One may not always find the relevant expertise among one's friends, I admit, but my friends are highly likely to be able to recommend an expert recommender I can trust. The alternative, the omniscient friend, is ominous. For such friend is no human. Free from the FTC fetters, Pamela Jones Harbor does not mince her words on Google. Although it did not start that way, now "at its core, it's a data collection company" (****).
Knowledgeable voices share my memes, reputable entrepreneurs set the examples I called for, the source of future growth reaches critical mass.
My rose-tinted glasses seem to work very well. Unfortunately my ingrained penchant for word integrity threatens my visual accuracy.
As relayed by Somini Sengupta, "Instagram's cofounder, Kevin Systrom" declared "we don't own your photos - you do" (*****). How nice of him. Yet it takes so much pink pigment to color his comment, I can hardly read what he said. Tearing off my glasses and my New Year resolutions, I find that Kevin Systrom has been busy updating the English dictionary. Ownership in his hands takes on an elasticity to make savvy swindlers salivate. If he lived in my neighborhood, I would gladly drive his car around for my own purposes on his principle that what is his is mine to use as I see fit.
For Eric Goldman, a professor at Santa Clara University School of Law, this is not so much a change in the definition of "ownership" as some "misleading shorthand". Instagram leaves you the title to "your" photos, but burdens it with whatever encumbrances this Facebook property deems expedient. I appreciate the difference. But I pine for the past, when laymen did not need lawyers to interpret elementary English. Pity poor users who believe "Instagram is free", as advertised, without understanding they have agreed to a contract with "complex and nuanced [...] provisions".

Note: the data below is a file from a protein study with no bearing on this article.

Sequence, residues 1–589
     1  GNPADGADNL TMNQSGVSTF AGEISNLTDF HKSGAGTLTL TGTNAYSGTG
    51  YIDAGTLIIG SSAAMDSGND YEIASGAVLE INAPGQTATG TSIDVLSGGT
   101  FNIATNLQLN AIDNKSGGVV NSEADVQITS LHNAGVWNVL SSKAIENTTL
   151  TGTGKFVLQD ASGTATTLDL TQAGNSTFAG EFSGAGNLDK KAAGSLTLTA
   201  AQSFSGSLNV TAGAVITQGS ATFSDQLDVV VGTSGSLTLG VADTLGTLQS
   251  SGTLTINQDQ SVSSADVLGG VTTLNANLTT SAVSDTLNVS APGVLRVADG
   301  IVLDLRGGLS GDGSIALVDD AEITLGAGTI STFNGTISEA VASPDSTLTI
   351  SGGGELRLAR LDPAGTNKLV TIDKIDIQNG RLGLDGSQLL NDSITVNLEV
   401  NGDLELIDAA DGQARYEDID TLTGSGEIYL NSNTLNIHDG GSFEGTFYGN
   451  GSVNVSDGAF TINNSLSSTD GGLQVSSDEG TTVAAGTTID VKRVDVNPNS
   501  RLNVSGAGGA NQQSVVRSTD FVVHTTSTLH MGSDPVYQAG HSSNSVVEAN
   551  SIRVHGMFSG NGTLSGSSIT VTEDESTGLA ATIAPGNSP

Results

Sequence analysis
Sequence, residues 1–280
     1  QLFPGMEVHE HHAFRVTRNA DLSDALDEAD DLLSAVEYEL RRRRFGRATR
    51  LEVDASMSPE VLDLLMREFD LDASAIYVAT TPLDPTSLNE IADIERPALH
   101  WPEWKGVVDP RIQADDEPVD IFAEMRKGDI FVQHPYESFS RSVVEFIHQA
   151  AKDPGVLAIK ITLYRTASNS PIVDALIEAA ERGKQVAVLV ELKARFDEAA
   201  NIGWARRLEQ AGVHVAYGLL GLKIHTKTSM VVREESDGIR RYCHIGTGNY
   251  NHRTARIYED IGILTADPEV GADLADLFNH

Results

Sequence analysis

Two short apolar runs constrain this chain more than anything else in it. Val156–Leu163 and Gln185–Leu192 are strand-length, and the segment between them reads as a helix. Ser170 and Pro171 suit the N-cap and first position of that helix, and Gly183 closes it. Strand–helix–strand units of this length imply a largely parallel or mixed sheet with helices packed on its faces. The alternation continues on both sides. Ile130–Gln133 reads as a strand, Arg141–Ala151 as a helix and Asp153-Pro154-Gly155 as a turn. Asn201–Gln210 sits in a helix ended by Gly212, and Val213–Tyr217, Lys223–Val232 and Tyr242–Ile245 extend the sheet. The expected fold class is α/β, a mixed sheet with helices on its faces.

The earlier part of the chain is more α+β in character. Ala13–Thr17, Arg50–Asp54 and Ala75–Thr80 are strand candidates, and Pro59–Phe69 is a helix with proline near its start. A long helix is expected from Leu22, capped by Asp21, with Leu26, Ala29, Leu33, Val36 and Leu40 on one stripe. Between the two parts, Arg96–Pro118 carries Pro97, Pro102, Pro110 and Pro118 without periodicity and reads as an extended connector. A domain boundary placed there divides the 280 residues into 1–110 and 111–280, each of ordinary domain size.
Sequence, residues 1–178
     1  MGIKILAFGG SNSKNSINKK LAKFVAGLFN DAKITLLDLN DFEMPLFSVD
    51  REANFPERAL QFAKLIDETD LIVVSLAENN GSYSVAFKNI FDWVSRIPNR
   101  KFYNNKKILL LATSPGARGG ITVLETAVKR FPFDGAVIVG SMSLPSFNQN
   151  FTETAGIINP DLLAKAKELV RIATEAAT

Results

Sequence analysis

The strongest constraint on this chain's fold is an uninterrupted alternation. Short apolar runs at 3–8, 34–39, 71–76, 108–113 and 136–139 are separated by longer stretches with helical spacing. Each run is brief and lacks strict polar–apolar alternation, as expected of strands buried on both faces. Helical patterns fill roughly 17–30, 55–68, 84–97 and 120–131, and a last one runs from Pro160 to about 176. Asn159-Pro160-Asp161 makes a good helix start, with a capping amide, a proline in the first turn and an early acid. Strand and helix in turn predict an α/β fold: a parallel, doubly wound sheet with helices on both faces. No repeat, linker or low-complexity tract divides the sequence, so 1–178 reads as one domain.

What if words take on new nuances? People are not naive. Perhaps I should be a bit more tolerant. Yet we should not dismiss the perspicacity of George Orwell. A true visionary, he knew the corruption of language is intimately linked to the enslavement of people as a whole.
When Nassim Nicholas Taleb speaks against excessive centralization, he does it in view of the fragility it brings to our economy. Diseconomies of scale indeed destroy capitalism itself behind the mendacious facade which Newspeak helps to maintain. Yet society runs on a mixture of greed and solidarity. From the latter perspective, excessive centralization is just as fatal. It bears us Big Brothers, as shown by Evgeny Morozov (******).